Poorly soluble drugs must be appropriately formulated for clinical use to increase the solubility, dissolution rate, and permeation across the intestinal epithelium. Polymeric and lipid nanocarriers have been successfully investigated for this aim, and their physicochemical properties, and in particular, the surface chemistry, significantly affect the pharmacokinetics of the drugs after oral administration. In the present study, PLGA nanoparticles (SS13NP) and solid lipid nanoparticles (SS13SLN) loaded with SS13, a BCS IV model drug, were prepared. SS13 bioavailability following the oral administration of SS13 (free drug), SS13NP, or SS13SLN was compared. SS13NP had a suitable size for oral administration (less than 300 nm), a spherical shape and negative zeta potential, similarly to SS13SLN. On the contrary, SS13NP showed higher physical stability but lower encapsulation efficiency (54.31 +/- 6.66%) than SS13SLN (100.00 +/- 3.11%). When orally administered (0.6 mg of drug), SS13NP showed higher drug AUC values with respect to SS13SLN (227 +/- 14 versus 147 +/- 8 mu g/mL min), with higher C-max (2.47 +/- 0.14 mu g/mL versus 1.30 +/- 0.15 mu g/mL) reached in a shorter time (20 min versus 60 min). Both formulations induced, therefore, the oral bioavailability of SS13 (12.67 +/- 1.43% and 4.38 +/- 0.39% for SS13NP and SS12SLN, respectively) differently from the free drug. These in vivo results confirm that the chemical composition of nanoparticles significantly affects the in vivo fate of a BCS IV drug. Moreover, PLGA nanoparticles appear more efficient and rapid than SLN in allowing drug absorption and transport to systemic circulation.

Improving in vivo oral bioavailability of a poorly soluble drug: a case study on polymeric versus lipid nanoparticles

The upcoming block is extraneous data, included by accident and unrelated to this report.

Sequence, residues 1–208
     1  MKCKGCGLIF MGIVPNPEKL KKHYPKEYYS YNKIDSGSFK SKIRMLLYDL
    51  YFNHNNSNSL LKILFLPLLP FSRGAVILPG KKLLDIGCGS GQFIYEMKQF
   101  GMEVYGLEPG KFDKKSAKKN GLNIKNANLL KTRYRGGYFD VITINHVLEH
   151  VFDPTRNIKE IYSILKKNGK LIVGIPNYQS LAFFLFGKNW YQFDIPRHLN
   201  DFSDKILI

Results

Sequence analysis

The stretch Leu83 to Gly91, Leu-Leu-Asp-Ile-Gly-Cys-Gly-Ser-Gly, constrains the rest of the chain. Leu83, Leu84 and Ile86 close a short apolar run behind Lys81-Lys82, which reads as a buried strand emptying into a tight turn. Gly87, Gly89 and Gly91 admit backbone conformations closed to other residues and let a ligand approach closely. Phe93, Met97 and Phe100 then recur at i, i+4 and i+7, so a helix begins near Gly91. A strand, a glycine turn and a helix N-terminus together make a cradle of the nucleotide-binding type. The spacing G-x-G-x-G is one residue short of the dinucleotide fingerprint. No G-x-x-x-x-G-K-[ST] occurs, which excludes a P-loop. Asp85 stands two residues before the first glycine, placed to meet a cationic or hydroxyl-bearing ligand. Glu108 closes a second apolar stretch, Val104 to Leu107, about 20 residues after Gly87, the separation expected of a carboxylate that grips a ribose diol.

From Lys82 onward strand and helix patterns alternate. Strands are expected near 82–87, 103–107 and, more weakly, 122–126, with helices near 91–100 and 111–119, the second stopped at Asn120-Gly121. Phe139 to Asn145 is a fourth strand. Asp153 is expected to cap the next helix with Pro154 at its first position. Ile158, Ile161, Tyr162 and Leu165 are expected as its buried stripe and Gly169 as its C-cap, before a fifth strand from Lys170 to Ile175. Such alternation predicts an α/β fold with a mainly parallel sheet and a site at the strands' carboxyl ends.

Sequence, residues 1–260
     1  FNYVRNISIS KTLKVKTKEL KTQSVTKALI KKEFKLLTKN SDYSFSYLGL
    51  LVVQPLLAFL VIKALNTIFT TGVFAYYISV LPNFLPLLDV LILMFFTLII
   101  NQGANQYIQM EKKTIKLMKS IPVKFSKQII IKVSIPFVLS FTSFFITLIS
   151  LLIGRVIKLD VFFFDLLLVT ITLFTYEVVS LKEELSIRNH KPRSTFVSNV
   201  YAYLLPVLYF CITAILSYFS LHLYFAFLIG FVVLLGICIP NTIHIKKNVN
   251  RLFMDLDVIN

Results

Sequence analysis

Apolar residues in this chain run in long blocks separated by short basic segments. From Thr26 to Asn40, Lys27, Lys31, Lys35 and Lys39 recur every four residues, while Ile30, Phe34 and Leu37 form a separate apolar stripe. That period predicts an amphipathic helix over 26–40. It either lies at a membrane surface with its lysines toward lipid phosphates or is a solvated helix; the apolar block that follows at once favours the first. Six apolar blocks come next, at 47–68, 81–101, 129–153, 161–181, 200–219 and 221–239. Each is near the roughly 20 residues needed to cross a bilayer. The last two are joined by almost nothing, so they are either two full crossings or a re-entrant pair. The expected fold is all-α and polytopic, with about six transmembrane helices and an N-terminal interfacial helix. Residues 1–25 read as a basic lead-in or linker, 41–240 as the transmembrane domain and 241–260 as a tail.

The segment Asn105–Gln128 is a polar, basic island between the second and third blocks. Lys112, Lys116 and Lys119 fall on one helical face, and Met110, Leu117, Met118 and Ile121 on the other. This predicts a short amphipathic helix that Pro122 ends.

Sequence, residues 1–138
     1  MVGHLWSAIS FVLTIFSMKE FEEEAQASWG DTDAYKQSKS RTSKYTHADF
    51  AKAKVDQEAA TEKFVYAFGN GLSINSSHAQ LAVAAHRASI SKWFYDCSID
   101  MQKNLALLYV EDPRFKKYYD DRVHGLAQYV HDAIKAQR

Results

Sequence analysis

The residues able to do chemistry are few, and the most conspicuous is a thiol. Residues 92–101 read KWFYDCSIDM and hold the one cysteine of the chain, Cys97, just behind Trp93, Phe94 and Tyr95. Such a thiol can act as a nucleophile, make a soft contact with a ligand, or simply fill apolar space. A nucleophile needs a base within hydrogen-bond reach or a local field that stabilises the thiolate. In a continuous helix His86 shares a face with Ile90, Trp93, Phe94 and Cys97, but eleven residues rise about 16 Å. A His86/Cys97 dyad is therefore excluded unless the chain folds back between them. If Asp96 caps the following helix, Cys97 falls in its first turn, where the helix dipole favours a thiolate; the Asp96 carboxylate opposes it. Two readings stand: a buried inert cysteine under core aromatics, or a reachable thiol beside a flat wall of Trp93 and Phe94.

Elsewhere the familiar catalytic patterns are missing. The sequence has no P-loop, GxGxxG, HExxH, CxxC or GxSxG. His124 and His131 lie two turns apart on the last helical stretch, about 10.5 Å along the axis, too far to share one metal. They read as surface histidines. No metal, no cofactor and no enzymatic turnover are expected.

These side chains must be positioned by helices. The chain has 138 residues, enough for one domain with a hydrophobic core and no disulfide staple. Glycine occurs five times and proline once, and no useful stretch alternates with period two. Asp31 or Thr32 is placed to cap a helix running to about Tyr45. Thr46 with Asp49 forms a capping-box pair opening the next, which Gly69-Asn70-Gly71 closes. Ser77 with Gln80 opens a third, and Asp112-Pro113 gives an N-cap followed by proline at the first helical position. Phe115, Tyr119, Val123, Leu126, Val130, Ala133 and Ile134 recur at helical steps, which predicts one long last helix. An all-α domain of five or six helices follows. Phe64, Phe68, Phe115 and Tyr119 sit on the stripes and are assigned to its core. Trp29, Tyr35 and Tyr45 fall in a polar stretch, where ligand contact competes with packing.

Ferraro, Luca;Dalpiaz, Alessandro
Ultimo
2023

Abstract

Poorly soluble drugs must be appropriately formulated for clinical use to increase the solubility, dissolution rate, and permeation across the intestinal epithelium. Polymeric and lipid nanocarriers have been successfully investigated for this aim, and their physicochemical properties, and in particular, the surface chemistry, significantly affect the pharmacokinetics of the drugs after oral administration. In the present study, PLGA nanoparticles (SS13NP) and solid lipid nanoparticles (SS13SLN) loaded with SS13, a BCS IV model drug, were prepared. SS13 bioavailability following the oral administration of SS13 (free drug), SS13NP, or SS13SLN was compared. SS13NP had a suitable size for oral administration (less than 300 nm), a spherical shape and negative zeta potential, similarly to SS13SLN. On the contrary, SS13NP showed higher physical stability but lower encapsulation efficiency (54.31 +/- 6.66%) than SS13SLN (100.00 +/- 3.11%). When orally administered (0.6 mg of drug), SS13NP showed higher drug AUC values with respect to SS13SLN (227 +/- 14 versus 147 +/- 8 mu g/mL min), with higher C-max (2.47 +/- 0.14 mu g/mL versus 1.30 +/- 0.15 mu g/mL) reached in a shorter time (20 min versus 60 min). Both formulations induced, therefore, the oral bioavailability of SS13 (12.67 +/- 1.43% and 4.38 +/- 0.39% for SS13NP and SS12SLN, respectively) differently from the free drug. These in vivo results confirm that the chemical composition of nanoparticles significantly affects the in vivo fate of a BCS IV drug. Moreover, PLGA nanoparticles appear more efficient and rapid than SLN in allowing drug absorption and transport to systemic circulation.
2023
Rassu, Giovanna; Obinu, Antonella; Serri, Carla; Piras, Sandra; Carta, Antonio; Ferraro, Luca; Gavini, Elisabetta; Giunchedi, Paolo; Dalpiaz, Alessandro
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Utilizza questo identificativo per citare o creare un link a questo documento: https://hdl.handle.net/11392/2500971
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